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NPM Encourages West Virginians to Remember and Prepare

 
   

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Up | This September: A Time to Remember. A Time to Prepare. | A Time for Service and Community Involvement | This September: Remember, Prepare, Plan with your Family | NPM Encourages West Virginians to Remember and Prepare | FEMA Encourages Americans to Participate in National Preparedness Month

NEWS RELEASE: FOR IMMEDIATE RELEASE

September 1, 2011

CONTACT: Heather Foster, (304) 558-0111

Eighth Annual National Preparedness Month (NPM) Encourages West Virginians to Remember and Prepare

Charleston, W.Va.

Since 2004, September has been designated as National Preparedness Month (NPM) to encourage households, businesses and communities to prepare and plan for emergencies. The event, now in its eighth year, is a nationwide effort hosted by FEMA’s Ready Campaign and the national Citizen Corps program. To mark the ten year anniversary of 9/11, the theme for this year’s NPM is “A Time to Remember. A Time to Prepare.”

“Emergencies begin at the local level,” said Stephanie Yu, executive director of Volunteer West Virginia. “The first 36 hours after an emergency, responders are helping people most in need. Families should be prepared to take care of themselves during that time. National Preparedness Month is a great opportunity for families and organizations to learn ways to become better prepared for emergencies of all types.”

In the event of an emergency, one of the key messages of NPM is to have enough supplies to be self-reliant for three days without utilities and electricity, water service, access to a supermarket or local services, or maybe even without response from police, fire or rescue. Preparing can start with three important steps:

1. Get an emergency supply kit.

2. Make a plan for what to do in an emergency.

3. Be informed about emergencies that could happen in your community, and identify sources of information in your community that will be helpful before, during and after an emergency.

This year, several organizations are coordinating activities that range from training communities to prepare for emergencies to conducting service projects that show appreciation for first responders and others who often step up during times of disaster.

Several activities are featured below.

  • Volunteer West Virginia, in partnership with Canaan United Methodist Church in Charleston, local Boy and Girl Scout troops, RSVP volunteers and other community members will gather on September 11 from 1 p.m. to 4 p.m. to assemble and deliver thank you notes and baskets of appreciation to 20 local fire, police and emergency medical services stations. The goal for the day is to reach approximately 300 first responders. The service project is open to the public for participation, but groups must provide their own transportation to and from the church and stations. Interested individuals and groups can meet at Canaan United Methodist Church, located on the corner of Roane Street and Maryland Avenue in Charleston. Materials for the baskets and maps to local first responder stations will be provided.
     
  • The Monongalia County Technical Education Center (MTEC) is sponsoring a school-wide fundraiser on 9/11 from 11 a.m. to 3 p.m. Preparedness pamphlets will be distributed and a 9/11 tribute will be held. Local police, fire and city department officials will serve as guest speakers for the event. Games for children will be provided and adults can enjoy an antique car show as well.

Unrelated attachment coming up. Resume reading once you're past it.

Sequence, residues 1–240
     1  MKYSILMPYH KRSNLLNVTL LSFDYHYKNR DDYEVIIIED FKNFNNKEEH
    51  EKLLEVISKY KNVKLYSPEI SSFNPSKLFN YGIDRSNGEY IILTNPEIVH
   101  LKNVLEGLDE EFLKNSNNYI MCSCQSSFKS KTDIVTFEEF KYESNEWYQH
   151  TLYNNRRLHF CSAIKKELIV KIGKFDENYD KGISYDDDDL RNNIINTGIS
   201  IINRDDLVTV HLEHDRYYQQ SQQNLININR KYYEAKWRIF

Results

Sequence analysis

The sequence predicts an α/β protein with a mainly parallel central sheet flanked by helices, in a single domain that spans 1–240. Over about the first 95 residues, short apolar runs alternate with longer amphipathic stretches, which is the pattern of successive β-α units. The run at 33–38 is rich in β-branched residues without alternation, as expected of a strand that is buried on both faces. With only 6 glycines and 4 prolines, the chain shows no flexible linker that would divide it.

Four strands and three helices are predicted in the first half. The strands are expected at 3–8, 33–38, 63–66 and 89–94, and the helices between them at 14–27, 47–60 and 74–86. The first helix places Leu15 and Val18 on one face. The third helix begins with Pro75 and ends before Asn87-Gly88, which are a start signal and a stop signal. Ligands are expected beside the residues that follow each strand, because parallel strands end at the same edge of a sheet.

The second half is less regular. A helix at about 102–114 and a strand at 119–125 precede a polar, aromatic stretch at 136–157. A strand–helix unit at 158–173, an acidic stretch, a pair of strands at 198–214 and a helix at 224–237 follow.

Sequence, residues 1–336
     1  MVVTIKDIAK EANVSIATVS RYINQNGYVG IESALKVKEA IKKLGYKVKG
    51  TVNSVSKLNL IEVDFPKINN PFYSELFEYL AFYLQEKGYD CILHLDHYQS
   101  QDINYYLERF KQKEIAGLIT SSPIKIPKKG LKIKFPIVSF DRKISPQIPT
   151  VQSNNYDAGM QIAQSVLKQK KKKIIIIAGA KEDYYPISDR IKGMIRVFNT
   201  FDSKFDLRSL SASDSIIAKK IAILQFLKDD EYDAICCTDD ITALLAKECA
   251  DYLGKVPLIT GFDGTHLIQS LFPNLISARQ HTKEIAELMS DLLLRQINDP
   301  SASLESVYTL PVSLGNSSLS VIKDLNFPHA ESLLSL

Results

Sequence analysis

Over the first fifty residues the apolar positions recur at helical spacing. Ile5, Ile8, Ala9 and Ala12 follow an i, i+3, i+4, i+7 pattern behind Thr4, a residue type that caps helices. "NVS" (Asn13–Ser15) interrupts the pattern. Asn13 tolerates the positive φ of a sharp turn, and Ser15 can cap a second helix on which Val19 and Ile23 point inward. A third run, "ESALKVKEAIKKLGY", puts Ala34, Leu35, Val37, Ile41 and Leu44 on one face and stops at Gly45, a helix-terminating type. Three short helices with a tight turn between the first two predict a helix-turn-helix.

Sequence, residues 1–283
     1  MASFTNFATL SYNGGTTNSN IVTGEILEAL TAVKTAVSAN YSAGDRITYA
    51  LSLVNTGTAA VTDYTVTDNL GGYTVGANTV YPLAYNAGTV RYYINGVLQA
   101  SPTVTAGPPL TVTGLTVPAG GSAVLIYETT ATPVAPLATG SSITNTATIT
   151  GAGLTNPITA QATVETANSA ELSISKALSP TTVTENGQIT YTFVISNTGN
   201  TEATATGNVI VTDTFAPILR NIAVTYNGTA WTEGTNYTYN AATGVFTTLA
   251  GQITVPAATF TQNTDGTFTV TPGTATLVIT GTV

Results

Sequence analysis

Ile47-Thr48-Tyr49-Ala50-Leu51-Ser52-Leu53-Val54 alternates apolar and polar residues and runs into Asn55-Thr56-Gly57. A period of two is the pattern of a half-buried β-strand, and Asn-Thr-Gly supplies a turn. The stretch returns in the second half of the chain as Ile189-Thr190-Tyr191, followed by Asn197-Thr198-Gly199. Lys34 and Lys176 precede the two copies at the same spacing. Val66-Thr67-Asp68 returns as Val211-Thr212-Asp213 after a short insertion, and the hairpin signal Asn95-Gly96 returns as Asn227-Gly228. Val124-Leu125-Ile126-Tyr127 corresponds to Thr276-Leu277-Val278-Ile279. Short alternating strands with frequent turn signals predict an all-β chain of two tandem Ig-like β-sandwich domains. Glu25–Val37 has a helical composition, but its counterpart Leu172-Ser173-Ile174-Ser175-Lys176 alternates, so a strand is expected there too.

• The City of Charleston is coordinating a 9/11 memorial at Haddad Riverfront Park at 8:30 a.m. on 9/11. The Charleston Metro Band will also perform at Haddad Riverfront Park at 4:30 p.m. that day.
  • Community members can attend a non-denominational church service at the Charleston Civic Center at 6 p.m on 9/11.
     
  • Several emergency preparedness trainings and seminars will also take place throughout the month of September in various parts of the state. For a detailed list of events, visit the NPM Calendar at www.ready.gov.

Individuals and organizations are encouraged to sign up as National Preparedness Month Coalition Members, which allows access to resources and connections to thousands of fellow members across the country to share ways to participate and get a community involved in NPM.

Preparedness goes beyond fire alarms, smoke detectors, dead-bolt locks and extra food in the pantry. By following simple preparedness steps in advance, West Virginians can reduce the impact of emergencies on themselves, their family and their businesses.

For more information, individuals can visit www.ready.gov or call 1-800-BE-READY, for a list of events or to access free materials that will help them prepare their families and communities.

Citizen Corps is a state and local initiative to involve everyone in building a culture of preparedness. West Virginia Citizen Corps is a program of Volunteer West Virginia, the state’s Commission for National and Community Service. At the state level, the West Virginia Citizen Corps program promotes the message of citizen preparedness and supports the integration of local trained disaster volunteers into the state’s emergency plans. Across the state, local Citizen Corps Councils and volunteers actively engage in promoting and enhancing community preparedness.

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Mitzi L. M. Vince

Communications Coordinator | Volunteer West Virginia

710 Central Avenue | Charleston, W.Va. 25302

(304) 558-0111 | Toll Free: (800) WV-HELPS | Fax: (304) 558-0101

Email: mitzi.vince@wv.gov | Web: www.volunteerwv.org

Last updated Wednesday January 11, 2012 03:09 PM

 

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